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She’s the Boss: Meet Deepa Talwar, Indian Fashion Entrepreneur

Photo Courtesy: Deepa Talwar

Every South Asian woman has been there at least once: Your family just received its fifth wedding invitation of the season, and you—naturally—have nothing left to wear. So ensues the hunt for an occasion-appropriate, affordable outfit that actually fits you properly. Inevitably, you’ll be lucky to find something that meets two out of the three criteria, all the while taking comfort in knowing there are countless women out there accepting the same miserable fate. But that’s Deepa Talwar’s biggest problem right there. For something so many of us needs, why is great, affordable, well-fitting Indian fashion such a commodity? It’s what the former Uber and Thumbtack employee wants out to solve as the Founder and CEO of Asha Market, an online destination for ready-to-wear Indian fashion focused on solving the over-priced-badly-fitting-inaccessible-formalwear problem. For this week’s “She’s the Boss“, we want you to meet this Chicago-native who is set out to revolutionize the Indian fashion industry.

Stomping Grounds

New Delhi, India

The Gig

“Asha Market [is] a modern way to shop for Indian fashion online. We’re redefining the way Indian fashion is sized and sold, making modern Indian fashion accessible and affordable.

I’ve never had an easy time finding Indian clothes for weddings or events because my family rarely traveled to India. The worst experience was last year when my sister got married. I couldn’t find anything online or locally that was reasonably priced and that had the option to return it if I wasn’t happy with it. So, I flew home, spent hours in Chicago in boutiques with subpar customer experiences, and ended up with an absurdly priced lehenga that I’ll likely only wear once more. I started talking to friends and realized no one had an ideal shopping experience for Indian fashion. Nine months later, I was ready to move to a much smaller company. I did an exercise that maps out where your skills, interests, and opportunities intersect and ended up with wanting to build a company focused on South Asian women. I decided to focus on Indian fashion because it’s a massive, multi-billion dollar market that’s fragmented across the retail chain.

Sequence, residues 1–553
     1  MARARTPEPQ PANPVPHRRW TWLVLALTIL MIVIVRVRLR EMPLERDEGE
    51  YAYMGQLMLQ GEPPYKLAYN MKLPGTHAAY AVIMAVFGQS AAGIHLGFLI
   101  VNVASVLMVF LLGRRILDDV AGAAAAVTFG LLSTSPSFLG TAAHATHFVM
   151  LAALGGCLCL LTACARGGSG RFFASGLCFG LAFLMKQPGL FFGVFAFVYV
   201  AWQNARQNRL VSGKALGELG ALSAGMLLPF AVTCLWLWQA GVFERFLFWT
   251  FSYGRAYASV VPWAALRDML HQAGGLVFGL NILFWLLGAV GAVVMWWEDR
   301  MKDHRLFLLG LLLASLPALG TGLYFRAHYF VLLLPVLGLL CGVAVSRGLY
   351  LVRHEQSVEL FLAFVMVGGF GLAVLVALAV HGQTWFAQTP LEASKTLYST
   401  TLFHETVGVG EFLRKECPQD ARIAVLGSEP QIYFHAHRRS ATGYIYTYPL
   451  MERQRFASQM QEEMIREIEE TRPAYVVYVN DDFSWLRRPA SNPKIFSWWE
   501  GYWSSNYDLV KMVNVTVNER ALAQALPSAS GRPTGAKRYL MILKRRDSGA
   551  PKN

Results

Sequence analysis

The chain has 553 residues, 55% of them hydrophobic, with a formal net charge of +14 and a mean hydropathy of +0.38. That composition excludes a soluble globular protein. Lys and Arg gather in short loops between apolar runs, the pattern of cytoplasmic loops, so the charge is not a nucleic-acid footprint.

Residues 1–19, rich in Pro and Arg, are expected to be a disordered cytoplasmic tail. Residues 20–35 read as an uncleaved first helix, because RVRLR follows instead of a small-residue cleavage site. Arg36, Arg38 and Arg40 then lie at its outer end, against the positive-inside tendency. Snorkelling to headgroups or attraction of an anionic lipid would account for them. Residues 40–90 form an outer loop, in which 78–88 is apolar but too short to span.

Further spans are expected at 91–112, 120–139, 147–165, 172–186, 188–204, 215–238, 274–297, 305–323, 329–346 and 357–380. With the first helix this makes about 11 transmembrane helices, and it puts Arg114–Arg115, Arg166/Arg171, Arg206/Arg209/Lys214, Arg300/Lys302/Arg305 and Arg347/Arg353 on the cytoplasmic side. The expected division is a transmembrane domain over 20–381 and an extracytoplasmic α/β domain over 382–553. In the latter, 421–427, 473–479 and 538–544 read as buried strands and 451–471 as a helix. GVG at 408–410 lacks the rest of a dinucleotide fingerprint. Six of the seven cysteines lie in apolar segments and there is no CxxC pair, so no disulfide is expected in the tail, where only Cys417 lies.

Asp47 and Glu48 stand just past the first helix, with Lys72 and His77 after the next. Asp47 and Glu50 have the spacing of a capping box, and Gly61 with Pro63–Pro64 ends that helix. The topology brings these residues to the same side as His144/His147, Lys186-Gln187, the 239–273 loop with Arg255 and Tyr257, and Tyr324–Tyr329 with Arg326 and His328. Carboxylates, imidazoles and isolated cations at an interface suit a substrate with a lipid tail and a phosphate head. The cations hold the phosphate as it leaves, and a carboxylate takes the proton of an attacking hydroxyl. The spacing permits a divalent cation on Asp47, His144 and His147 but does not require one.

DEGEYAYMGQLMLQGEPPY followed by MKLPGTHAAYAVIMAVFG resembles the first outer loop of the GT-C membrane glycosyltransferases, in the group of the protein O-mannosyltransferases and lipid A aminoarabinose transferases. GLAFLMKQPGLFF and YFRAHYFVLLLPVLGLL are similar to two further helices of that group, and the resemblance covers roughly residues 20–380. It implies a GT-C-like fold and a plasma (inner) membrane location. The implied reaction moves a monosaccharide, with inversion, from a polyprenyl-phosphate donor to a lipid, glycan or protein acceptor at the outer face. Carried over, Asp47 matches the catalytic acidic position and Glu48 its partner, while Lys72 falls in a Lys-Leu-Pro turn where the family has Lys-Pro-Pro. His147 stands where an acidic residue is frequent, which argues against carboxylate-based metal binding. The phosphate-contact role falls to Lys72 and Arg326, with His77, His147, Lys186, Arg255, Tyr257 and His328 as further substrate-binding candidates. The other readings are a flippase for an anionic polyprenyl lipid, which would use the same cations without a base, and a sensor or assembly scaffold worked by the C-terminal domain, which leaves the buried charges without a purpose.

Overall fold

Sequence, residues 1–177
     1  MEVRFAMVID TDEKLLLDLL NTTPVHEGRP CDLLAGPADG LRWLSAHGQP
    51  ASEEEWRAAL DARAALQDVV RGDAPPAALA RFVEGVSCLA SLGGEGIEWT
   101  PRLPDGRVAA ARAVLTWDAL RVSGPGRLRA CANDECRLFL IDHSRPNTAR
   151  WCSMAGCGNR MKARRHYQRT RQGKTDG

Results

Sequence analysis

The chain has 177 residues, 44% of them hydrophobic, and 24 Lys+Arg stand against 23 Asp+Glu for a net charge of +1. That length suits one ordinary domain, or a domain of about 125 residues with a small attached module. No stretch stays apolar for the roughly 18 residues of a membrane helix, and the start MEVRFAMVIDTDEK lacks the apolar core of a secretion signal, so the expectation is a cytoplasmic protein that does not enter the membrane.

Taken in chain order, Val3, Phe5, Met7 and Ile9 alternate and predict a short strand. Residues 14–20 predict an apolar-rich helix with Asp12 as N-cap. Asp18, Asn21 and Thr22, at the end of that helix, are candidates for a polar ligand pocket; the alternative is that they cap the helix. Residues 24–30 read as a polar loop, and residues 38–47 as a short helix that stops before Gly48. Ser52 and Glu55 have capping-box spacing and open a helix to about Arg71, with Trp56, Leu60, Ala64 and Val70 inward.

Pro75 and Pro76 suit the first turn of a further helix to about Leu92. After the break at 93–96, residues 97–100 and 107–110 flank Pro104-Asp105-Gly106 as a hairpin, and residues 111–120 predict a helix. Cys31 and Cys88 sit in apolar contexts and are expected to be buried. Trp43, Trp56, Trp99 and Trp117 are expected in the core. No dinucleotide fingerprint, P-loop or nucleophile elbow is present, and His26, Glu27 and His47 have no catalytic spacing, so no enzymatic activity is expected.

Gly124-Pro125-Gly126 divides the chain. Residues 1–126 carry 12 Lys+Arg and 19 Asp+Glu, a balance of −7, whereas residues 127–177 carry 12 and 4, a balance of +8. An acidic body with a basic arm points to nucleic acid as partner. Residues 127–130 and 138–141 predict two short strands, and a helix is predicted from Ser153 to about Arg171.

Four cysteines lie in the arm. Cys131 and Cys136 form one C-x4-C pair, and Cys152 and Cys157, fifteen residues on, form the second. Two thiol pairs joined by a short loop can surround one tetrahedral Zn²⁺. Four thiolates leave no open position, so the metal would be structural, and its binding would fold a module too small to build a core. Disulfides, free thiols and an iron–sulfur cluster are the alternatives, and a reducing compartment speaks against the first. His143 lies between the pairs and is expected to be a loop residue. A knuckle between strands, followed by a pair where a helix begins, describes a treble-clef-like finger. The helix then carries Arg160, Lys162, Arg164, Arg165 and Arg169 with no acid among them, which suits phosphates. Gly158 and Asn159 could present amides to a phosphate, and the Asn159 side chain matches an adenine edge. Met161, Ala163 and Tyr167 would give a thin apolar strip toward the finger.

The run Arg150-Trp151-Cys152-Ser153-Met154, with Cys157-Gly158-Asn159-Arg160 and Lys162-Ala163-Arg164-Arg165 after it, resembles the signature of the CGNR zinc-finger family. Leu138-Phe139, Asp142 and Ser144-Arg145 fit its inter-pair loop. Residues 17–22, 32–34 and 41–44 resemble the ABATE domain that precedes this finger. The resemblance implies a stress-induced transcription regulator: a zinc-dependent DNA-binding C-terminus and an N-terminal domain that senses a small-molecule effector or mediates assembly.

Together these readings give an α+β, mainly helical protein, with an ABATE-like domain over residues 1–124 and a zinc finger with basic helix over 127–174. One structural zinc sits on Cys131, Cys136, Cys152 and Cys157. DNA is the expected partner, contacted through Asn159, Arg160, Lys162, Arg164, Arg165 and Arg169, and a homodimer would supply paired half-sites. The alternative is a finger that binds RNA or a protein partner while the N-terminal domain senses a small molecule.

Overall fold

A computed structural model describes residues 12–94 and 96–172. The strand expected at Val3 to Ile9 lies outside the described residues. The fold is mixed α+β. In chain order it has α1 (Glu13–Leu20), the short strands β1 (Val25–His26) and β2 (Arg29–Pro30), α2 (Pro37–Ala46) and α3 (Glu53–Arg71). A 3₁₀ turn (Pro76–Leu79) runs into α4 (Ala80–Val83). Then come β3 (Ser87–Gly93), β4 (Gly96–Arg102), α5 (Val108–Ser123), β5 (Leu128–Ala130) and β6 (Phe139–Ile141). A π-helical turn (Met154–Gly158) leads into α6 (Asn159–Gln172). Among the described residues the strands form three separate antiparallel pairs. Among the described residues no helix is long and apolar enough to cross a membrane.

I started working on the company full time in February. I spent the first 3 months talking to customers across the country, and the past three months in India building the supply side of my business. We launched the website a few weeks ago.”

asha market

Photo Courtesy: Rachel Heydemann


“The learning opportunity [is the best perk]. There’s no greater way to learn than by necessity. In any given week, I’ll reassess what we’re doing and why, what we know and don’t know, and what we need to do to reach product/market fit. And that usually means learning completely new skills—whether it’s negotiating with new vendors, testing new growth channels to reach the South Asian community, or building new features. It’s time-consuming and can definitely be draining at times, but incredibly rewarding.”

A Day in the Life